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8 Unique State Parks to Add to Your Summer Travel List

Find your family fun at a state park this summer!

By Mary Shoemaker July 14, 2020

For many families, travel looks a little bit different this summer. But just because we aren't traveling abroad doesn't mean we can't visit incredible destinations. There are 10,234 state parks across the United States, each one offering a new adventure. 

We rounded up 8 unique park destinations in the United States for you to put on your travel list.

Planning a visit? Be sure to check out each location's website for up-to-date information on COVID-19 safety protocols and procedures. 

1. Kartchner Caverns State Park

Benson, Arizona

Want to explore a cave? Head to Kartchner Caverns State Park in Arizona, featuring a massive limestone “living” cave, with water slowly seeping, dripping, to create amazing formations within the caves. Those formations, including the world's longest soda straw stalactites, have been continuously growing for tens of thousands of years.

2. Crater of Diamonds State Park

Murfreesboro, Arkansas

If your kids like to play in the dirt, they'll love digging for diamonds at Crater of Diamonds State Park in Arkansas. It is one of the only diamond-producing sites in the world where the public can search for diamonds in their original volcanic source. And the policy here is "finders, keepers," so anything you find is yours to keep!


3. Humboldt Redwoods State Park

Weott, California

If your family wants to view the ancient Redwoods of California, head to Humboldt Redwoods State Park, the largest remaining contiguous old-growth coastal redwoods in the world. Be sure to take a pass through the drive-thru tree! Kids will also love the two-story tree houses and the children's walk-through stump.

4. Tallulah Gorge State Park

Tallulah Falls, Georgia

Surrounding a 1,000-foot deep gorge formed by the Tallulah River, the Tallulah Gorge State Park in Georgia features breathtaking views and a series of six waterfalls. Families can get the best view from the park's suspension bridge, swaying 80 feet above the ground.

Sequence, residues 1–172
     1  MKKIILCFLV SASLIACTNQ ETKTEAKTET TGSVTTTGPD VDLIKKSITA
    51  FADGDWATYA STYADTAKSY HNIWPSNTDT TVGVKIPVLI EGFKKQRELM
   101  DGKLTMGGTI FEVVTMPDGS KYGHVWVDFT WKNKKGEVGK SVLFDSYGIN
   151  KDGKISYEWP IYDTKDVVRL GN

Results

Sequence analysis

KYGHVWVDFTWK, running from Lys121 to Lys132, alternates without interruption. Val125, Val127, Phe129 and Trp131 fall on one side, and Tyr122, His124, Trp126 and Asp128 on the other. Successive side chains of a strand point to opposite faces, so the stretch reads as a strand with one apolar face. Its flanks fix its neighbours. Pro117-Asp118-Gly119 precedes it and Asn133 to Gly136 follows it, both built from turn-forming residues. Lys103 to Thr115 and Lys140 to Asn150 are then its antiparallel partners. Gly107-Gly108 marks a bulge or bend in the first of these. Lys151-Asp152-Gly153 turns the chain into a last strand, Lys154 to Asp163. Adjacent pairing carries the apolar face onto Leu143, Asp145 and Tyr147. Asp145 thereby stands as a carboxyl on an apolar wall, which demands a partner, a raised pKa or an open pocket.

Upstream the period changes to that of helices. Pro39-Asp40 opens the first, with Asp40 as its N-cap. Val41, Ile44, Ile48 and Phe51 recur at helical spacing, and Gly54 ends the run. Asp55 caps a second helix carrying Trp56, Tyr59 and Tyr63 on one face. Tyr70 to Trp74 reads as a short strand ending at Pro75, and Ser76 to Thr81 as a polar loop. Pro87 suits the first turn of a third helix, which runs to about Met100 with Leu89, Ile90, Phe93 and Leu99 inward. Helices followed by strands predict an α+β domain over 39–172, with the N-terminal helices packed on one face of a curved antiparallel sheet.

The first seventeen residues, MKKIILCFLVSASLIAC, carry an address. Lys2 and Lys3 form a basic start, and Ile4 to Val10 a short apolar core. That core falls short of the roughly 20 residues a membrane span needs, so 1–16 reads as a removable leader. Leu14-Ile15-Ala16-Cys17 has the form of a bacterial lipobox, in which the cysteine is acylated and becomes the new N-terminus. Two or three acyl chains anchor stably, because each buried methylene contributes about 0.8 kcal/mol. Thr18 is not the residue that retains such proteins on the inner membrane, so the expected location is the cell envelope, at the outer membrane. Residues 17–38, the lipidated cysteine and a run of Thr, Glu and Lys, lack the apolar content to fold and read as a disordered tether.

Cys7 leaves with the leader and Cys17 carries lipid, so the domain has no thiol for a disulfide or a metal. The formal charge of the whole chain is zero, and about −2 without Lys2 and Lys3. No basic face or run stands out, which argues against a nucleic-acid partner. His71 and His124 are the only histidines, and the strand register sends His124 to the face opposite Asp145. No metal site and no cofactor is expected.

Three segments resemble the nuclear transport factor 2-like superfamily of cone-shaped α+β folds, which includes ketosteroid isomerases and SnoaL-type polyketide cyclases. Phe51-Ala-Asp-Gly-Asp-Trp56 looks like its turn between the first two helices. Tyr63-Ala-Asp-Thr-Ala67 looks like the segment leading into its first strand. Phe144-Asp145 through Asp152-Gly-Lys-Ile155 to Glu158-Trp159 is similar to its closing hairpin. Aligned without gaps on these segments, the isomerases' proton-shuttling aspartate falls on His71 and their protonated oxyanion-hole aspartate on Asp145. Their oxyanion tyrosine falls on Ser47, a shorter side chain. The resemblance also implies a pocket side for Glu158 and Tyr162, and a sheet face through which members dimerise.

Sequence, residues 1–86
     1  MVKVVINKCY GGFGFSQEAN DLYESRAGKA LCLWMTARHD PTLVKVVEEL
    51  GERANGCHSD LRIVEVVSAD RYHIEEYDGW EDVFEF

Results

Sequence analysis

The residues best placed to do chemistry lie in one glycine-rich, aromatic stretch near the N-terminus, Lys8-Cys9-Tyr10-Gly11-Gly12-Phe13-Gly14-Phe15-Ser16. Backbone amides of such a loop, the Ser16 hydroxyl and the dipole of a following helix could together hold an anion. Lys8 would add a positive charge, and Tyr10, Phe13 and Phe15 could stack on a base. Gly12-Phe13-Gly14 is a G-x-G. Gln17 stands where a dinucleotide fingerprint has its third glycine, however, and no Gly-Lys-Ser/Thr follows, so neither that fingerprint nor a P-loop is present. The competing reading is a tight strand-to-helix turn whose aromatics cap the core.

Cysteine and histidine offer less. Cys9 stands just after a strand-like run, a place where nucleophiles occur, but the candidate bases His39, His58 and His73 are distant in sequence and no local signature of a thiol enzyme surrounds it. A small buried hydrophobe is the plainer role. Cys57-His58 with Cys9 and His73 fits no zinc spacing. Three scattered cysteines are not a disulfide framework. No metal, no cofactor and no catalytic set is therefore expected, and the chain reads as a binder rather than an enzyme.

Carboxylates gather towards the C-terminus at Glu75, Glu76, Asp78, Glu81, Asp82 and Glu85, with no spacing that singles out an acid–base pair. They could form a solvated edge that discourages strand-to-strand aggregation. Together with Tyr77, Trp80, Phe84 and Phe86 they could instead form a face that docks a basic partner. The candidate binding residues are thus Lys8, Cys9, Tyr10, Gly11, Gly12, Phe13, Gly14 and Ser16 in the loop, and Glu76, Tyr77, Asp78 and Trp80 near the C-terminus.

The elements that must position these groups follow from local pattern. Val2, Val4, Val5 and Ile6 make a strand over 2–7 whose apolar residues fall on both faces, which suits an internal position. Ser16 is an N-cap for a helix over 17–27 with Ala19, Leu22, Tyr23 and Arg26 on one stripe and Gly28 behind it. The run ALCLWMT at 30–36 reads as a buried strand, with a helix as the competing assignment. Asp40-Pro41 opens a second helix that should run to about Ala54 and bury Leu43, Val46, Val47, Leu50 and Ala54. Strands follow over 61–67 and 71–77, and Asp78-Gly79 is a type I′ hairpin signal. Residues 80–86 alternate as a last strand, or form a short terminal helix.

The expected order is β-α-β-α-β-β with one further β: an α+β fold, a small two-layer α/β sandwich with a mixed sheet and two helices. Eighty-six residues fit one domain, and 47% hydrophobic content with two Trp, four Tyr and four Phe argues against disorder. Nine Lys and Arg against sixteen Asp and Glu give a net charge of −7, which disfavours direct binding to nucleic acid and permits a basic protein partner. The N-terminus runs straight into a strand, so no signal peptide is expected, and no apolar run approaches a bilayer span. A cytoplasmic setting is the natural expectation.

5. Bannack State Park

Bannack, Montana

If a historical ghost town sounds like something your family would love, take a trip to Bannack State Park in Montana. This registered historic landmark was the site of Montana's first major gold discovery in 1862 and quickly became a mining town until it was mostly abandoned in the 1950s. Today, over sixty structures remain standing, most of which can be explored.

6. Hickory Run State Park

White Haven, Pennsylvania

Venture to Hickory Run State Park, in the foothills of the Pocono Mountains of Pennsylvania, to explore Boulder Field. This 720,000 square foot field of boulders has remained relatively unchanged for more than 20,000 years. Considered a National Natural Landmark, the boulders range from three feet to more than 30 feet in size.

7. Red Fleet State Park

Vernal, Utah

At the Red Fleet State Park in Utah, your family can walk in the tracks dinosaurs made 200 million years ago. Follow the two-mile long trail to discover more than 40 Dilophosaurus tracks, each 10 to 12 inches wide, within the sandstone.


8. Natural Tunnel State Park

Duffield, Virginia

More than 850 feet long and 10 stories high, Natural Tunnel in Virginia was naturally carved through a limestone ridge over thousands of years. Families can hike down the short (but steep) trail or hop on the chairlift and take a ride to the tunnel floor.

Special thanks to Arizona State Parks and Trails, Visit Virginia, Humboldt County Visitors Bureau, Arkansas State Parks, Georgia Department of Natural Resources, Pocono Mountains Visitors Bureau, Visit Montana, and Visit Utah for sharing photos.